Whitetail, poem by Misty Marie Rae Skaggs

I scare easy.
Like a wob­ble-kneed fawn,
greed­i­ly gob­bling down
daisy heads
that grow abundant
in the steep, blind curve
of the one lane,
grav­el way home.
You come up on me, cool
as a cucumber
made salt pickle
on a sum­mer day.
And I may meet your eye
and you may feel enchanted.
but I’ll bolt,
Turn pale, white
and bounce through
a bri­ar bramble
There are only two car­di­nal directions -
Away from Kentucky
And back to Kentucky.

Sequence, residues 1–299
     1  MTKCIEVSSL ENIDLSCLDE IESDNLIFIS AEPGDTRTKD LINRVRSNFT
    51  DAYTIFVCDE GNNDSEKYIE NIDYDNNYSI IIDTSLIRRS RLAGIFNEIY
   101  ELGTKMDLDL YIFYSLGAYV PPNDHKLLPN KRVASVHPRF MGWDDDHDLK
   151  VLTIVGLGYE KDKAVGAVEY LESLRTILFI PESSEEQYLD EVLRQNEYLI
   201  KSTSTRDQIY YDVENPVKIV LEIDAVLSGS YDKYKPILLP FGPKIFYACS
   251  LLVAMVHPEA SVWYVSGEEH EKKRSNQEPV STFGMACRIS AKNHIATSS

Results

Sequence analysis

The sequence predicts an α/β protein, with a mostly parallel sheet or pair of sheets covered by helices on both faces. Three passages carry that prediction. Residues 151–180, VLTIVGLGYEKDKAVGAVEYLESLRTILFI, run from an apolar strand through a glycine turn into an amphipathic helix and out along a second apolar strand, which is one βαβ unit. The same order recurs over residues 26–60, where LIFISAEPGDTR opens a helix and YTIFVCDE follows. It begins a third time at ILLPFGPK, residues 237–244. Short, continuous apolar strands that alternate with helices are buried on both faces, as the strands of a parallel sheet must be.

skaggsMisty Skag­gs, 29, cur­rently resides on her Mamaw’s couch way out at the end of Bear Town Ridge Road where she is slow­ly amass­ing a library of con­tem­po­rary fic­tion under the cof­fee table and per­fect­ing her but­ter­milk bis­cuits. Her gravy, how­ever, still tastes like wall­pa­per paste. She is cur­rently tak­ing the scenic route through high­er edu­ca­tion at More­head State Uni­ver­sity and hopes to com­plete her BFA in Cre­ative Writing…eventually. Misty won the Judy Rogers Award for Fic­tion with her sto­ry “Ham­burg­ers" and has had both poet­ry and prose pub­lished in Lime­stone and Inscape lit­er­ary jour­nals. Her short series of poems enti­tled “Hill­billy Haiku" will also be fea­tured in the upcom­ing edi­tion of New Madrid. She will be read­ing from her chap­book, Pre­scrip­tion Panes, at the Appalachi­an Stud­ies Con­fer­ence in Indi­ana, Penn­syl­va­nia in March. When she isn’t writ­ing, Misty enjoys tak­ing long, woodsy walks with her three cats and watch­ing Dirty Har­ry with her nine­ty six year old great-grandmother.

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